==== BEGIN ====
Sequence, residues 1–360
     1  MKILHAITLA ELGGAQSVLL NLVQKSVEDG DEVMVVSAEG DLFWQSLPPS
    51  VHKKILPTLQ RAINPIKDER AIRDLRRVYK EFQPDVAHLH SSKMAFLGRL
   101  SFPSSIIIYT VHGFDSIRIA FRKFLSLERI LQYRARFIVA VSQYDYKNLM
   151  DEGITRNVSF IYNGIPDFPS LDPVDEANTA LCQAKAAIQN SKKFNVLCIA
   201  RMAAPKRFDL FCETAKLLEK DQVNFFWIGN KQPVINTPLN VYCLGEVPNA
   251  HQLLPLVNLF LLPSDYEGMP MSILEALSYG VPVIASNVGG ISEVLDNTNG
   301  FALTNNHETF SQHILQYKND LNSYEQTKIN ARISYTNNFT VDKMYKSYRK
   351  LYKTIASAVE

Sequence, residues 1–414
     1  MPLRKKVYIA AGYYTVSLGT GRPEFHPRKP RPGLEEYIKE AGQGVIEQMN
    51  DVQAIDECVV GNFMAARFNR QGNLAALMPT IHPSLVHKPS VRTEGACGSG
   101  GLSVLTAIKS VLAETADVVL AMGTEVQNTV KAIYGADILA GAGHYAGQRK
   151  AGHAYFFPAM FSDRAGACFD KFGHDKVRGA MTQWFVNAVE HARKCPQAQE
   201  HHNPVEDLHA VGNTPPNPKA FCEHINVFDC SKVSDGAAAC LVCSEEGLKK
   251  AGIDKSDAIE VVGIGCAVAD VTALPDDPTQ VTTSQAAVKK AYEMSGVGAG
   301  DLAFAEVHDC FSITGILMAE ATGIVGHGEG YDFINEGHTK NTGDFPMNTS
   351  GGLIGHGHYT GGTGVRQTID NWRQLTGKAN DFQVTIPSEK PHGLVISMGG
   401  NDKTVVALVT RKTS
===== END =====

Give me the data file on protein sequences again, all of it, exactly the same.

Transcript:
Sequence, residues 1–360
     1  MKILHAITLA ELGGAQSVLL NLVQKSVEDG DEVMVVSAEG DLFWQSLPPS
    51  VHKKILPTLQ RAINPIKDER AIRDLRRVYK EFQPDVAHLH SSKMAFLGRL
   101  SFPSSIIIYT VHGFDSIRIA FRKFLSLERI LQYRARFIVA VSQYDYKNLM
   151  DEGITRNVSF IYNGIPDFPS LDPVDEANTA LCQAKAAIQN SKKFNVLCIA
   201  RMAAPKRFDL FCETAKLLEK DQVNFFWIGN KQPVINTPLN VYCLGEVPNA
   251  HQLLPLVNLF LLPSDYEGMP MSILEALSYG VPVIASNVGG ISEVLDNTNG
   301  FALTNNHETF SQHILQYKND LNSYEQTKIN ARISYTNNFT VDKMYKSYRK
   351  LYKTIASAVE

Sequence, residues 1–414
     1  MPLRKKVYIA AGYYTVSLGT GRPEFHPRKP RPGLEEYIKE AGQGVIEQMN
    51  DVQAIDECVV GNFMAARFNR QGNLAALMPT IHPSLVHKPS VRTEGACGSG
   101  GLSVLTAIKS VLAETADVVL AMGTEVQNTV KAIYGADILA GAGHYAGQRK
   151  AGHAYFFPAM FSDRAGACFD KFGHDKVRGA MTQWFVNAVE HARKCPQAQE
   201  HHNPVEDLHA VGNTPPNPKA FCEHINVFDC SKVSDGAAAC LVCSEEGLKK
   251  AGIDKSDAIE VVGIGCAVAD VTALPDDPTQ VTTSQAAVKK AYEMSGVGAG
   301  DLAFAEVHDC FSITGILMAE ATGIVGHGEG YDFINEGHTK NTGDFPMNTS
   351  GGLIGHGHYT GGTGVRQTID NWRQLTGKAN DFQVTIPSEK PHGLVISMGG
   401  NDKTVVALVT RKTS